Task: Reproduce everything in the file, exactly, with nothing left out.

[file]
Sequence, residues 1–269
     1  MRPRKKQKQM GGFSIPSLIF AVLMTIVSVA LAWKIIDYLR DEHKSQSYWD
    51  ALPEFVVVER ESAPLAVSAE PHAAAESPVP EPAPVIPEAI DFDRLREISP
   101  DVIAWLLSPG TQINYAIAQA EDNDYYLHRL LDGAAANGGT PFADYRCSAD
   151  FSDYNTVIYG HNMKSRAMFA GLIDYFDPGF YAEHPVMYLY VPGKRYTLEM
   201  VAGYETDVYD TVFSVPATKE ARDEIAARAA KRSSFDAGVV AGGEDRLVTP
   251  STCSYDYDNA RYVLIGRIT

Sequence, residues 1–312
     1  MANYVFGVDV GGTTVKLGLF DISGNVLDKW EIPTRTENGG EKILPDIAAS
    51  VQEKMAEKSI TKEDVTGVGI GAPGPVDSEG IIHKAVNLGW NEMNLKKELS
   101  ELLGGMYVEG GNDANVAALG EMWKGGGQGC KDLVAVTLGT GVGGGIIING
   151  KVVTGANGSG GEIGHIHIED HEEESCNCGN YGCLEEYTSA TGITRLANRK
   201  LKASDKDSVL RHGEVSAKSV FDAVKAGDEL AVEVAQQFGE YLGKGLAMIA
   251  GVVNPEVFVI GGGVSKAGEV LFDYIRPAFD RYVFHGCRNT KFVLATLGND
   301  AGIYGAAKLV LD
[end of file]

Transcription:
Sequence, residues 1–269
     1  MRPRKKQKQM GGFSIPSLIF AVLMTIVSVA LAWKIIDYLR DEHKSQSYWD
    51  ALPEFVVVER ESAPLAVSAE PHAAAESPVP EPAPVIPEAI DFDRLREISP
   101  DVIAWLLSPG TQINYAIAQA EDNDYYLHRL LDGAAANGGT PFADYRCSAD
   151  FSDYNTVIYG HNMKSRAMFA GLIDYFDPGF YAEHPVMYLY VPGKRYTLEM
   201  VAGYETDVYD TVFSVPATKE ARDEIAARAA KRSSFDAGVV AGGEDRLVTP
   251  STCSYDYDNA RYVLIGRIT

Sequence, residues 1–312
     1  MANYVFGVDV GGTTVKLGLF DISGNVLDKW EIPTRTENGG EKILPDIAAS
    51  VQEKMAEKSI TKEDVTGVGI GAPGPVDSEG IIHKAVNLGW NEMNLKKELS
   101  ELLGGMYVEG GNDANVAALG EMWKGGGQGC KDLVAVTLGT GVGGGIIING
   151  KVVTGANGSG GEIGHIHIED HEEESCNCGN YGCLEEYTSA TGITRLANRK
   201  LKASDKDSVL RHGEVSAKSV FDAVKAGDEL AVEVAQQFGE YLGKGLAMIA
   251  GVVNPEVFVI GGGVSKAGEV LFDYIRPAFD RYVFHGCRNT KFVLATLGND
   301  AGIYGAAKLV LD